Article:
Exquisite corpse

A few weeks ago, in the middle of a heat wave, I had the distinct luxury of taking an entire week to work on collage with other artists who were interested in doing the same. As tends to happen, the results were nothing like what I expected; I thought I'd breeze in, learn a few techniques, finish an existing project or two, maybe finish a new one and in the end feel refreshed, renewed and leave everything in a neat and tidy, collaged pile.

Instead, I was introduced to insanely talented contemporary collage artists (famous, infamous and otherwise) who are making it. Really making it.

I was surprised by the comradery, generosity and support shown to me by my fellow classmates and instructor. I continued with current ideas that I think might take years to fully develop and explore. I recognized that yes, this is fun, but it's also work.

I was wowed by our collective talent and power to express. We completed a round of exquisite corpse collages. I played this as a child, all the time and once, as an adult at a dinner party. Invented by the surrealists, one makes a portion of a figure with the rest of the paper folded (hidden from view, save for the portion one is currently working on), then trades with the next person; the group keeps going like this until all corpses are complete.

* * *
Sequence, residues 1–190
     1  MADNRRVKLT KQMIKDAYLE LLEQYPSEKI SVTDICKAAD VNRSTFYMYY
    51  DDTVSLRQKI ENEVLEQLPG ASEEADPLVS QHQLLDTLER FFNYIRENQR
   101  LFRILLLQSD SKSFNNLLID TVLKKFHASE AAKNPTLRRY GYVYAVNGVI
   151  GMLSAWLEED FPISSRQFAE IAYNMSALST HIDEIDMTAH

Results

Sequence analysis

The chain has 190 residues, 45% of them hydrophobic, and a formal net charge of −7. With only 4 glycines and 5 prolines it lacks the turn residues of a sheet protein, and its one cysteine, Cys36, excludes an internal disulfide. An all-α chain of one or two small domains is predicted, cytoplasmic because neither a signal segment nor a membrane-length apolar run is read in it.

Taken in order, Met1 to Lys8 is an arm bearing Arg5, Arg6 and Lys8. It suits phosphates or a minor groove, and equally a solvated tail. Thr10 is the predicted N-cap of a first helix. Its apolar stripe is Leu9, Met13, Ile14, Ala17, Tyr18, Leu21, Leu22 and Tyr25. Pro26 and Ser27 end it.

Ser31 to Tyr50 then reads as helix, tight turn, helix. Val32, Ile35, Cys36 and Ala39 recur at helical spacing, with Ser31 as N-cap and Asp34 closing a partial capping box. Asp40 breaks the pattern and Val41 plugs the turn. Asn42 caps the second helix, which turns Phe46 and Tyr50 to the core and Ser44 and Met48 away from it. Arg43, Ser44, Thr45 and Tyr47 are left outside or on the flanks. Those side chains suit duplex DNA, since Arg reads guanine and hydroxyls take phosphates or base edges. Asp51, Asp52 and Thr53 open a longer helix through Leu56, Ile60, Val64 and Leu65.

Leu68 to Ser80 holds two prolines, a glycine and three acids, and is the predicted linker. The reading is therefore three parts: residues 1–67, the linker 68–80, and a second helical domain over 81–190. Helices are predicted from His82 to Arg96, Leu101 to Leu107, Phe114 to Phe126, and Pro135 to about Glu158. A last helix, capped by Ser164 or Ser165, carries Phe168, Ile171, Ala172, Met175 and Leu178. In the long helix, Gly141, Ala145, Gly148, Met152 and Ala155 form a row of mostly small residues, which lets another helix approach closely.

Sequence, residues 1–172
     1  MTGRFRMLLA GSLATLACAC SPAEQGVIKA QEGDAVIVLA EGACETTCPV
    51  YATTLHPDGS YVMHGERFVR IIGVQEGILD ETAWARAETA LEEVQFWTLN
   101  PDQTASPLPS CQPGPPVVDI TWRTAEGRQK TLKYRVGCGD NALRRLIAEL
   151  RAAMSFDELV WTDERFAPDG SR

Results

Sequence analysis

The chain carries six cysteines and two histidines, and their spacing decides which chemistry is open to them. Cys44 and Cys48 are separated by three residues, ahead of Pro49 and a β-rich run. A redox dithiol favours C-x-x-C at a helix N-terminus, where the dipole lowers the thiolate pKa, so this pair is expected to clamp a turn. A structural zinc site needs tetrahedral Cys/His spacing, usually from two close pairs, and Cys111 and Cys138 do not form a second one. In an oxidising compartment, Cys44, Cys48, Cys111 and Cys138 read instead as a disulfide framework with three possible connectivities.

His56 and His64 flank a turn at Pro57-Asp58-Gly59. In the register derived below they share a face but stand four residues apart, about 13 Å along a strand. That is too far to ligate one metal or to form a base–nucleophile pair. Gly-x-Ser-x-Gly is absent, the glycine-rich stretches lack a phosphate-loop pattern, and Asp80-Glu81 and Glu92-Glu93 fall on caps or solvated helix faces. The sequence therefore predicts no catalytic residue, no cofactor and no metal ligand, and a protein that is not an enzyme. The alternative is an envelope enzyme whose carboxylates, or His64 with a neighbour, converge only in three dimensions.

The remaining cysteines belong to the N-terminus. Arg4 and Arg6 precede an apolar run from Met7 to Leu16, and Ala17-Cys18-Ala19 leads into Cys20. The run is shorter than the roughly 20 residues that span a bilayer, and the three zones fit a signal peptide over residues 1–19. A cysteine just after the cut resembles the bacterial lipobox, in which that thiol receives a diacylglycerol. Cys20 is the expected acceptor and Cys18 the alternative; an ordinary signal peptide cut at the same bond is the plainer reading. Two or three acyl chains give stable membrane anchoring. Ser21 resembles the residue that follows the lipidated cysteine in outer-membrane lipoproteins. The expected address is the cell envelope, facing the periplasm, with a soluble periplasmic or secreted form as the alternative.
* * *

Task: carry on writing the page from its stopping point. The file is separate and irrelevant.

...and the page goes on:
When we hung all the corpses on the wall, I was overwhelmed with their simple beauty and amazed by how they seemed to be composed by the same person. This exercise demonstrates to me, proof of collective consciousness and the importance of play in artistic expression.

I've reproduced them all here as a photo collage, but please don't use this image for anything else because it really isn't mine. (Anyway, it's such low resolution that you couldn't do much with it if you tried.) The actual size of each piece is about two by four feet, so try to imagine their beauty, grotesque power and loveliness. Perhaps then you can understand why I got teary when I saw them all hanging together.


"Most people are much more unusual and complicated and eccentric and playful and creative than they have time to express."
—Oliver Herring

digital c-print photographs, museum board, foam core, and polystyrene by Oliver Herring
translation: amazing, life-size sculptures pasted with collaged photographs of the figures.